10 June, 2015 10 June, 2015

Surfers Enlisted to Assist with Environmental Research

Via rectal swabs and a new set of fins; that’s how surfers can help further the research of scientists looking to collect data about ocean conditions and the bugs that live in it.


The Smartphin enables surfers to collect vital information about the changing condition of the oceans in the hostile near-shore zone. The ‘Beach Bums’ programme in the UK, meanwhile, has enlisted the help of the non-profit Surfers Against Sewage organisation, as they look to investigate the effects antibiotic-resistant bacteria (also known as ‘superbugs’) have on human health.

Since surfers swallow lots more seawater than other ocean users (around 170ml a session according to Surfers Against Sewage), the ‘Beach Bums’ programme is asking that surfers volunteer to provide rectal swabs for testing. From these swabs, scientists hope to determine the effects marine pollution have on our gut and health in general.


Scientists are also looking to monitor the effects of climate change on our oceans, but the near-shore zone (AKA a surfer’s playground) is one of the most difficult areas to collect data from, because equipment installed in this turbulent zone is often quickly destroyed or eroded by the salty sea. Which is where the Smartphin comes in. Designed by surfer and engineer, Benjamin Thompson, the Smartphin looks, weighs and surfs like a standard surfboard fin, but they have a small microchip installed which collects information on the pH, salinity, temperature, directional wave spectra and the surfer’s location in real time.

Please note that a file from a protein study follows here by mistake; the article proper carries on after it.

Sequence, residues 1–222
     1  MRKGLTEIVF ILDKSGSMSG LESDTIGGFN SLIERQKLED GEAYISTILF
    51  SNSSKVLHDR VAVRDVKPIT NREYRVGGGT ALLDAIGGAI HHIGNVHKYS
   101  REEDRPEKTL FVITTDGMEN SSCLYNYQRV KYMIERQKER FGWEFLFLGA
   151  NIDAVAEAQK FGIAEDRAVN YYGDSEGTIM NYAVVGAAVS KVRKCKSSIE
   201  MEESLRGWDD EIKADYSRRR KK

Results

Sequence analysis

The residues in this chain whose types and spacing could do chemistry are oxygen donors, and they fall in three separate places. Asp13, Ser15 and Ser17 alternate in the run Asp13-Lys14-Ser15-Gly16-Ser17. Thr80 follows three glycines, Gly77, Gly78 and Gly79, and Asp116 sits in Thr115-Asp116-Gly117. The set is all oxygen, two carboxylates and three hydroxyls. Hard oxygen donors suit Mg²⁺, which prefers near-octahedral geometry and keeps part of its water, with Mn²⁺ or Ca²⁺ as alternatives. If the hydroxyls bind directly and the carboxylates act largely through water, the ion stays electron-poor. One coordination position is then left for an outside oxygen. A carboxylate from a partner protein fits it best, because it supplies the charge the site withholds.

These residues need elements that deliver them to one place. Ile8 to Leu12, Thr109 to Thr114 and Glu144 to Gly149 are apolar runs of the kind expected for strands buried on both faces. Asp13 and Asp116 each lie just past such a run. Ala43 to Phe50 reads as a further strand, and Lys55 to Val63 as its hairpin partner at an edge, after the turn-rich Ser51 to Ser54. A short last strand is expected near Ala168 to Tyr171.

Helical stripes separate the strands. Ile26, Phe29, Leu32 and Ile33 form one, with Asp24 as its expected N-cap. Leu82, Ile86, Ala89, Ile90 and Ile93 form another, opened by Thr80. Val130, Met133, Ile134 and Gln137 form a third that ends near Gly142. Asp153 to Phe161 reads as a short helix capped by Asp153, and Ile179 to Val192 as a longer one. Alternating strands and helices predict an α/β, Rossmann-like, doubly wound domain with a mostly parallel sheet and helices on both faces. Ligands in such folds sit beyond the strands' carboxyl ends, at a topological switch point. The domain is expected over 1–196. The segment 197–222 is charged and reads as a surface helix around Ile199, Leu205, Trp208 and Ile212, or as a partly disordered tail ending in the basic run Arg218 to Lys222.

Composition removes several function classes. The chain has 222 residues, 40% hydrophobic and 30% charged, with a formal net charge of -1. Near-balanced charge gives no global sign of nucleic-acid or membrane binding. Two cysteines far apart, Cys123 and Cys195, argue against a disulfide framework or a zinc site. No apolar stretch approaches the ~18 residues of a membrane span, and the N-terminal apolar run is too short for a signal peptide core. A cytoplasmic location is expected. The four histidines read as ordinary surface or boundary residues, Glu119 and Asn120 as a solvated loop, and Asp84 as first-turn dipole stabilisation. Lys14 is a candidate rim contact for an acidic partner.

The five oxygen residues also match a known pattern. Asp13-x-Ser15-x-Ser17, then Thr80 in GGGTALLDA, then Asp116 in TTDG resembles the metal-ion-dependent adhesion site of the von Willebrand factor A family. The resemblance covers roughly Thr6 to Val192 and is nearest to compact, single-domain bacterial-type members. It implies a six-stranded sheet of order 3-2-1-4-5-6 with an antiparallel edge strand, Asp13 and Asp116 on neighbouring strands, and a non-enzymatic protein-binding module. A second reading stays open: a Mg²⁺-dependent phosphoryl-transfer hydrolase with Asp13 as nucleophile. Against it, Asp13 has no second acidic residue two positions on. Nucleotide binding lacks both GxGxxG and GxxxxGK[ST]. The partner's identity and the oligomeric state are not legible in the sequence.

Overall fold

“The point is to change the surfing experience from self-enjoyment to surfer as citizen scientist, knowing that when they do what they love they will also be contributing data to the scientific community so that we can get a better understanding of the oceans,” says Smartphin project director, Dr Andrew Stern.

Smartphin plans to further test their device with 150 participants in San Diego, California this November, before it will be available for surfers to purchase and become citizen scientists.

Read more about Smartphin here.
Details about the ‘Beach Bums’ project can be found here.

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